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  5. "Barnet spiser appelsinen."

"Barnet spiser appelsinen."

Translation:The child is eating the orange.

June 24, 2015



it sounds like they're saying "barna". what is the pronunciation difference between "barnet" and "barna"?


It would really help to have a sound module, where you could play similar sounding words one right after the other, so you could hear the difference. I just don't seem to be able hear the difference between -e and -a and -et sometimes.


You'll have to teach yourself to hear the difference between '-et' and '-a'.


"Barna" with either be pronounced "barnaw" or "barnaa".


What would the translation of "the child eats the oranges" be?


"Barnet spiser appelsinene."


Tusen Takk, deliciae


I ALWAYS confuse oranges with apples, as it has the word apple in, yet i always get eple right.


The "-sine" bit means "Chinese, so think of an orange as a Chinese apple (Mandarin!). That's how the people who named them first thought of them.


Dont oranges come from spain?



Una naranja > a norange > an orange.

But before they were imported into Spain (Seville oranges, after all), they came from China.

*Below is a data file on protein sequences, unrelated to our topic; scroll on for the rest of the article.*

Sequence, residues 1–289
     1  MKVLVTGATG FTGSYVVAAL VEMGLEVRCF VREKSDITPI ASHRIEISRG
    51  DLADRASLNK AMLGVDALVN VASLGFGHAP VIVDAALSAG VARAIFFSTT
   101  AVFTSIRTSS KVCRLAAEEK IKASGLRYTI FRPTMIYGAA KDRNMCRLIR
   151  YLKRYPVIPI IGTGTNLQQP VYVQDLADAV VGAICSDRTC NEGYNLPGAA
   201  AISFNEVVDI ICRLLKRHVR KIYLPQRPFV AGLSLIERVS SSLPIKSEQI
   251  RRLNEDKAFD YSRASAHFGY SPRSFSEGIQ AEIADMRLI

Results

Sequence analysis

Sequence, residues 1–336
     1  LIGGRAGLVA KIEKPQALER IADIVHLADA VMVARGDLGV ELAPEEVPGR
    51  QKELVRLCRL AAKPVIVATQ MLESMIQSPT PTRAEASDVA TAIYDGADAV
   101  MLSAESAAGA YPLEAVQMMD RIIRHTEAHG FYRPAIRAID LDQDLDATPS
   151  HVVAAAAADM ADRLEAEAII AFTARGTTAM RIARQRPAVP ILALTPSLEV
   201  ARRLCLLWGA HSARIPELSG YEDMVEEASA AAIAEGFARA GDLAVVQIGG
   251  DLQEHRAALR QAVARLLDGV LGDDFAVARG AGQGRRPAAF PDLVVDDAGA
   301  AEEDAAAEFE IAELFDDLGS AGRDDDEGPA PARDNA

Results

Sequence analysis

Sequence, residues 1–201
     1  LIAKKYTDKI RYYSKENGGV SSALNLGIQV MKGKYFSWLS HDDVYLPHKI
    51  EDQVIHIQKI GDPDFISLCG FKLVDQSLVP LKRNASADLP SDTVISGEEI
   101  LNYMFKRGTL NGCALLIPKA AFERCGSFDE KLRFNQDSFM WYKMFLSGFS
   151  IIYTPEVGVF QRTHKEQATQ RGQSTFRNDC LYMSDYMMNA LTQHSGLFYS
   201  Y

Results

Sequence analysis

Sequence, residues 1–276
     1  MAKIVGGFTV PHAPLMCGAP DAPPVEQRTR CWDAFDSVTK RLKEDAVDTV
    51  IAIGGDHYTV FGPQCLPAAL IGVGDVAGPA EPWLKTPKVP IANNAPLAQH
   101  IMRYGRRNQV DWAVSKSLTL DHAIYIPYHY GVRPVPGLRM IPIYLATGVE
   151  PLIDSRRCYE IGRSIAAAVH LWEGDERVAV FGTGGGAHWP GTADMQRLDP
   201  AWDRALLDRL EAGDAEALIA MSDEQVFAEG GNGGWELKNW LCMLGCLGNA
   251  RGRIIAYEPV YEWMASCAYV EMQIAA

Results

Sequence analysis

i'm having a hard time understanding eating and is eating. how will i know the diference if its the same sentence structure?


"spiser" = eats, e.g. the child eats. This can mean the child eats, once, now. This can also mean that from time to time, the child eats. In English, the grammar gives you no clues which meaning is the right one. We work it out from context.

"spiser" = is eating, e.g. the child is eating. This means the child is eating, now, has already started eating and is continuing to eat.

So, "the present tense" can mean three different ideas of time: a single action, an intermittent action and a continuous action.

In English, there two different ways of expressing these three ideas of time: "eats" and "is eating".

In Norwegian, there is one way of expressing these three ideas of time: "spiser". The grammar gives you no clues which idea of time you are supposed to understand. We work it out from context.

If you are given "spiser" in Norwegian, then you can translate it as "eats" or "is eating" and it doesn't matter which way you choose. Both versions are a correct translation.

Hope that helps.


Sometimes, the ending "en" is pronounced very clearly and, at other times, it is almost inaudible. Why?


It seems to be that the "e" is somewhat muted. Like instead of mann-en its mann-n, usually I slow the audio to check for the second "n" sound, when its fast I can't even tell the difference usually.


I forgot the n in applesin and it marked me wrong. Is applesi a word even?

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